Mr. Lawrence: June, now, let's spend a little time talking about your career. Can you tell us a little bit about your career development, how long you've been with GSA?

Ms. Huber: I've been with GSA a long time. At least it seems that way sometimes. I came to GSA in 1974 right out of graduate school. And I've been very fortunate, because I think of myself as kind of a general-purpose executive. I don't have a specialty. So I've been able to work in GSA in almost every part of the organization.

I've been in several staff organizations, including being a second-tier CFO and CIO, chief financial officer and chief information officer. I've also served in our real-property business as a portfolio manager. I've worked in our federal supply service, although that was quite a number of years ago. I've worked in our federal technology service during the last Administration part of the time, running a program called the blue-pages project, which is where we tried to take the government telephone listings in telephone directories, the blue pages, as opposed to the yellow pages or the white pages, and make them more user-friendly.

Mr. Lawrence: It seems like GSA is one of those places that give you the opportunity to move into areas that are of particular interest to you, because obviously, in your career, you've spanned many different parts of GSA.

Ms. Huber: It really does. GSA -- almost anything you want to do, you can do it there. There's a niche for people with all kinds of skills. And, in fact, we're actively looking for people to come to GSA and bring new skills to the organization.

Mr. Lawrence: Well, in researching for this interview, we learned one of your more interesting jobs was that you managed the presidential transition team during this most recent and very interesting election. Could you tell us about that?

Ms. Huber: GSA has a rather unique responsibility that it gets to carry out either every 4 years or every eight years, depending on the circumstances. GSA is responsible for providing direct business support to each presidential transition team. What that means is, ahead of the election, we select and we furnish space for the transition team. We provide computers and all kinds of computer support, which, of course, these days includes Internet and intranets. We provide telecommunications. We help them get organized. And we sort of live with them 24 by 7 from Election Day through Inauguration Day to help them do their very important job. They've only got 72 or 73 days between the election and the inauguration, and that's in a normal election year. To do a whole lot of work, they've got to make great inroads on staffing the new Administration with political appointees and they also have to -- they also have to look at how departments and agencies are organized and start to coalesce their thoughts about how do they want to put their stamp on the new Administration. And 72 days isn't a very long time to do that. So they shouldn't be involved in the day-to-day adminis-trivia of managing their people and running their shop. That's our job.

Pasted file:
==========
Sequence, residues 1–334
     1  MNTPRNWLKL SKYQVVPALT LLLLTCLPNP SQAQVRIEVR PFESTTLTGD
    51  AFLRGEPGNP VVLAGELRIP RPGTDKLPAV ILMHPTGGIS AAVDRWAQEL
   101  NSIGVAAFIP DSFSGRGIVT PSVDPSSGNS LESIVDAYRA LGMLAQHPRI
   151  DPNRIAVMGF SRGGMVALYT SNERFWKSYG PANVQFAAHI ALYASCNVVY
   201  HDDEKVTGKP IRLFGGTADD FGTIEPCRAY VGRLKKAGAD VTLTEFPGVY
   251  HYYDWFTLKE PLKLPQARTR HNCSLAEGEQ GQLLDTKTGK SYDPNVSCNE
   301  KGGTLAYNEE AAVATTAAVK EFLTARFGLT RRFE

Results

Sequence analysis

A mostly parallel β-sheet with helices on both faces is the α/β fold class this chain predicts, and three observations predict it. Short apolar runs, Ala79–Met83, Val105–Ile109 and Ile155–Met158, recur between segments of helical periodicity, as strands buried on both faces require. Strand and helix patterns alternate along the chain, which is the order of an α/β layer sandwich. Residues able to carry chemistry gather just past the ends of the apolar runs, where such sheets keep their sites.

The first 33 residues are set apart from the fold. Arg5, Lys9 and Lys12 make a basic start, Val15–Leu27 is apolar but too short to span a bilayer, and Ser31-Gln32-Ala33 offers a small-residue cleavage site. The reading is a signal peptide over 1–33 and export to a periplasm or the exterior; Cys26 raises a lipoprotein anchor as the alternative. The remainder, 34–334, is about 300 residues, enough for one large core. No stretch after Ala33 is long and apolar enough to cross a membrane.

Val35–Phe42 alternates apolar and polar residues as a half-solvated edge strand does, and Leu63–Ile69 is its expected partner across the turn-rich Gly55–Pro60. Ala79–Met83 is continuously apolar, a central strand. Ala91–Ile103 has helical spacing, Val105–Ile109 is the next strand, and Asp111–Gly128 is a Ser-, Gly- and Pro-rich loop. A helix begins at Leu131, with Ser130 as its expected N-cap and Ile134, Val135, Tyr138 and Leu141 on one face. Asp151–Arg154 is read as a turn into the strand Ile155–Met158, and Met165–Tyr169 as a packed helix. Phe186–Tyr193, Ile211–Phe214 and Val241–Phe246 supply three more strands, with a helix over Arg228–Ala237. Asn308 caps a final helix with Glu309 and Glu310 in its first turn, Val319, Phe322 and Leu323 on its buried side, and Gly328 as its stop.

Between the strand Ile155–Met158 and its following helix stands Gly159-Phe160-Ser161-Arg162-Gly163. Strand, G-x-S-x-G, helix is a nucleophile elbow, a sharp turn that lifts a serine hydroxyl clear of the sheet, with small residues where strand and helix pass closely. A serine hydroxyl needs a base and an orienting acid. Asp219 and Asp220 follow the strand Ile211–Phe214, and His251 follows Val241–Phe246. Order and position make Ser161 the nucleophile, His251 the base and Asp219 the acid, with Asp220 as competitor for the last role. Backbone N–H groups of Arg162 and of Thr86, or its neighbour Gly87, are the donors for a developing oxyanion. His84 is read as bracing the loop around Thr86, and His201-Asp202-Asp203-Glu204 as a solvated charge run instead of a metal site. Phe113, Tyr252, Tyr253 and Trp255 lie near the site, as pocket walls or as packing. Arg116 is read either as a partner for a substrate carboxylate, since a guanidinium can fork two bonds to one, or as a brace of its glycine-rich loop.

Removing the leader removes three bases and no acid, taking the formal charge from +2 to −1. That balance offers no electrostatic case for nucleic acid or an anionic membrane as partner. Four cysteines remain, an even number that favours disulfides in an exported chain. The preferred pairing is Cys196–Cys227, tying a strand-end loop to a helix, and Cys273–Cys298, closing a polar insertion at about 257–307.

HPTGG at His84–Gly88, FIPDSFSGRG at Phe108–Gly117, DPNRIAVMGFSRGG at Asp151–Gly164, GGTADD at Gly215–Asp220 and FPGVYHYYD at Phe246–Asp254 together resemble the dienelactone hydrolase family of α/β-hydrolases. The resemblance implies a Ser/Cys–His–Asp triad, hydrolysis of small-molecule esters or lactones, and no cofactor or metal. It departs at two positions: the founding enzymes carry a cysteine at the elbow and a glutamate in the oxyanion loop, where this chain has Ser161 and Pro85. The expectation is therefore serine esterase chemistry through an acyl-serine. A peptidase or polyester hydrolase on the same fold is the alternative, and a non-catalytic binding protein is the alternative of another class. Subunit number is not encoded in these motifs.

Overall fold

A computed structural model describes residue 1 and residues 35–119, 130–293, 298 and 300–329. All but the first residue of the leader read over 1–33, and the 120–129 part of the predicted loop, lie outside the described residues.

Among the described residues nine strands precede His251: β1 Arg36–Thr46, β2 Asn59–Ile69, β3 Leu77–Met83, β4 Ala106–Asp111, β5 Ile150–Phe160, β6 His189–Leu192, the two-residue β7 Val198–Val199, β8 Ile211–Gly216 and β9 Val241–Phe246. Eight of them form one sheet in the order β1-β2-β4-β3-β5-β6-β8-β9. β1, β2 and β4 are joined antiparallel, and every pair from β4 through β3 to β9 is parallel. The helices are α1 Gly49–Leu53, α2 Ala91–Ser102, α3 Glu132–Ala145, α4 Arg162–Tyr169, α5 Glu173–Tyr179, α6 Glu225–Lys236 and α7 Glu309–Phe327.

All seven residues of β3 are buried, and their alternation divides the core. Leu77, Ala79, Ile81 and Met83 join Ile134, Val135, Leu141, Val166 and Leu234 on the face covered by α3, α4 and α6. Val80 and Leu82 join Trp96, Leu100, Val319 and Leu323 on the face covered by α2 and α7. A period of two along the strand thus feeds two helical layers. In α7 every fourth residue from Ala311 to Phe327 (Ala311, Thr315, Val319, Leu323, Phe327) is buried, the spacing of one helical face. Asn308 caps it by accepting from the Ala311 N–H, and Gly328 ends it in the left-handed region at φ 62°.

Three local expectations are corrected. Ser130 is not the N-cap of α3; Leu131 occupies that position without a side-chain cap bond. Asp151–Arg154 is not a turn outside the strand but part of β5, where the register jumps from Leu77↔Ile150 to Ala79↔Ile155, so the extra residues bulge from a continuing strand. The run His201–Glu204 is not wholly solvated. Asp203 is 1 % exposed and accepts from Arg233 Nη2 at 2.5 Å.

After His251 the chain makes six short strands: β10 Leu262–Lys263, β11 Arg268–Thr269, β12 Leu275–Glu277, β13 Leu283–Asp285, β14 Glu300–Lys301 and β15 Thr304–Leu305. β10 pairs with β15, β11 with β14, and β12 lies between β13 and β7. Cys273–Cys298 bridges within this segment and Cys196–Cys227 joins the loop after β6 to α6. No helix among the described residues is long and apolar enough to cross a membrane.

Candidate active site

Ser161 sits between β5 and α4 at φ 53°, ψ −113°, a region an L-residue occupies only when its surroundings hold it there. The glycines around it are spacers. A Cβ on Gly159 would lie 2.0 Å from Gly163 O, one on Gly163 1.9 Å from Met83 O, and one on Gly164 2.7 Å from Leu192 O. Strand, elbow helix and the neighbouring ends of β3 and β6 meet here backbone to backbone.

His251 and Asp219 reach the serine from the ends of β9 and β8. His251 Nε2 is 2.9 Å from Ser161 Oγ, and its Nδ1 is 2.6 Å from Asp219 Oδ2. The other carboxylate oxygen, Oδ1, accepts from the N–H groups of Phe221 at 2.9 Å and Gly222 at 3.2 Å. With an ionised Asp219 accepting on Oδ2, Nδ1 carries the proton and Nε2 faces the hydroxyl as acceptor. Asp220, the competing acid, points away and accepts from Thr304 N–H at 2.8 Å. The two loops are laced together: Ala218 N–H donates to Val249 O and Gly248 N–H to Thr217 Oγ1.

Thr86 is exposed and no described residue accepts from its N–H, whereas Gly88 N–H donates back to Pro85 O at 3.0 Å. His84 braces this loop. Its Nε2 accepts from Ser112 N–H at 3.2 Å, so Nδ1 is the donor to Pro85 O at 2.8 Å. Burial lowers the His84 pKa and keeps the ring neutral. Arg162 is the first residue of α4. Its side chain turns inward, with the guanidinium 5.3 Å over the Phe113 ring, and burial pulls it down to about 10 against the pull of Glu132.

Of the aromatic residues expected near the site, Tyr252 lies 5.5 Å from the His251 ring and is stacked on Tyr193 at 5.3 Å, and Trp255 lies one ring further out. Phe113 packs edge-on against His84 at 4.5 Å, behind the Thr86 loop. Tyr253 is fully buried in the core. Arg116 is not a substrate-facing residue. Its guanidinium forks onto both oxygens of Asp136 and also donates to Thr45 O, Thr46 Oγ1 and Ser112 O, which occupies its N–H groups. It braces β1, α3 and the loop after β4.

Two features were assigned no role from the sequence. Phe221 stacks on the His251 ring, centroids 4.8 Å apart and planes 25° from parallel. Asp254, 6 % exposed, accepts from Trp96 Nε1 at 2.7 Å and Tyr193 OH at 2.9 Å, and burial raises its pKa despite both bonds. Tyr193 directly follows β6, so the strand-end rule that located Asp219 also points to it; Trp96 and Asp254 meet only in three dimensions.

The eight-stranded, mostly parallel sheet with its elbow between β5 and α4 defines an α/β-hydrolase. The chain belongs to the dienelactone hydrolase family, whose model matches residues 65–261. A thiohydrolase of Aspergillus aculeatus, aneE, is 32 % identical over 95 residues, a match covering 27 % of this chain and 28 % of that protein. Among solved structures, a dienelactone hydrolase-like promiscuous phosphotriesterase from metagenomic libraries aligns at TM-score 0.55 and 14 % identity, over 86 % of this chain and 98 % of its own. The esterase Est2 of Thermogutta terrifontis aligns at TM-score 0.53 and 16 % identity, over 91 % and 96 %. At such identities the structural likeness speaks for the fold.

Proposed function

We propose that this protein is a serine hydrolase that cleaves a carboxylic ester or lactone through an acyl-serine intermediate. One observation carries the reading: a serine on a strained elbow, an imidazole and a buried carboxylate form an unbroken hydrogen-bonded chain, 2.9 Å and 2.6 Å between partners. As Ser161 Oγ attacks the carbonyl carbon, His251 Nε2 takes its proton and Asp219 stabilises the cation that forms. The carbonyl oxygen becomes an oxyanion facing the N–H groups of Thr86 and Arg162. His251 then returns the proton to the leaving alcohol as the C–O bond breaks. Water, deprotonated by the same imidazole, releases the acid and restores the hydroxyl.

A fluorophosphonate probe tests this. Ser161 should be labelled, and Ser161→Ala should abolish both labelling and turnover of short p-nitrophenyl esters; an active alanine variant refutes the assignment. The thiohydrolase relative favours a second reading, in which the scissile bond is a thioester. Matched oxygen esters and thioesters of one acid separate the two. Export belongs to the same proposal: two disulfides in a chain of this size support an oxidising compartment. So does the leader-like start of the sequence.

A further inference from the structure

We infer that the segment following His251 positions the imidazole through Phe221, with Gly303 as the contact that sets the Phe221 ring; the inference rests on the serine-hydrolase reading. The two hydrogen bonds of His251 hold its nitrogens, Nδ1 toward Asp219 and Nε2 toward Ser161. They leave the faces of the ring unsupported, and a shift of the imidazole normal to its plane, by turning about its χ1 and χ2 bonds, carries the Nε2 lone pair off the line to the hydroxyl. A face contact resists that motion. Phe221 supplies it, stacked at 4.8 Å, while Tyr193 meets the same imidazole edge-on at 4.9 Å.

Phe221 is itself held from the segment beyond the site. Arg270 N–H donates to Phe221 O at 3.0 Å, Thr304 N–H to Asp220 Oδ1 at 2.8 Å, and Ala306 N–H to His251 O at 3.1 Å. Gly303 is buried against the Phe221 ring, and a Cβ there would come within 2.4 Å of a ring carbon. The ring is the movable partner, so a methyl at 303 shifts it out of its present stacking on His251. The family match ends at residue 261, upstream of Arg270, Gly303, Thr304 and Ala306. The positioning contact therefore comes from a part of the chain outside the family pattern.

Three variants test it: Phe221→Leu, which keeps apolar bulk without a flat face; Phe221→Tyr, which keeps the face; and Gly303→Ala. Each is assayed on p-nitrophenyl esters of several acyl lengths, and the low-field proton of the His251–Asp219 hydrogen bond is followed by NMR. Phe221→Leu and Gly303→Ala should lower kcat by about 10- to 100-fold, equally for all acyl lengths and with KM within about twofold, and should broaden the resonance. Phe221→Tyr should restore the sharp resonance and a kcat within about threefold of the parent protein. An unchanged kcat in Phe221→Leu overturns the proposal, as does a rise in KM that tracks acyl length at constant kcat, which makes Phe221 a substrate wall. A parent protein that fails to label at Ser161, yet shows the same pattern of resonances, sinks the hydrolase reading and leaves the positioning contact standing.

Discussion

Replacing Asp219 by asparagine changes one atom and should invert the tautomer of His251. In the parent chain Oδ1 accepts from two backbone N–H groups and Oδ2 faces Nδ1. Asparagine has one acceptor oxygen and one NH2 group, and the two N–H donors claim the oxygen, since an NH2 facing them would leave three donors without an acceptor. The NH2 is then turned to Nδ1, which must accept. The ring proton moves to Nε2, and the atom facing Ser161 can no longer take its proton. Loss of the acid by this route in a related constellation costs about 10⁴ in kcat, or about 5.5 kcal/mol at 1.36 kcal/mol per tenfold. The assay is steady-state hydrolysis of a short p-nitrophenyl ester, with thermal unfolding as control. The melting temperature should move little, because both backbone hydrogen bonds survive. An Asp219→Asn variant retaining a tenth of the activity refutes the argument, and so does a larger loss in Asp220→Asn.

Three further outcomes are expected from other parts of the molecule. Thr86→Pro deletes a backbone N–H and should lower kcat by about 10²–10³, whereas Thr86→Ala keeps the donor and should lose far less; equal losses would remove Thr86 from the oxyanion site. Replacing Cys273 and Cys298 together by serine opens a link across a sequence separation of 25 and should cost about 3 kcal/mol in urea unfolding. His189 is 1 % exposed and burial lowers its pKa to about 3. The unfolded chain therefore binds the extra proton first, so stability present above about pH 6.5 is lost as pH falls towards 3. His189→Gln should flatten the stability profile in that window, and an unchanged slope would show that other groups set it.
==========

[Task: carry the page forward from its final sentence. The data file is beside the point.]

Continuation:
Mr. Lawrence: What were the management challenges of reducing that time period?

Ms. Huber: We don't have enough time to really talk about that. Needless to say, during the 30-some odd days between the election and when the Supreme Court finally settled the issue, my team and I had to work very closely with both sides to make sure that we were giving everybody the same kinds of information and keeping them updated on what was happening and what was the current status of the situation.

But in addition, we had to -- I'll describe it as put a lot of fine-tuning on the work we had done to prepare for them, because instead of having what normally wasn't a leisurely start, we had to start literally overnight, and we had to be very, very ready.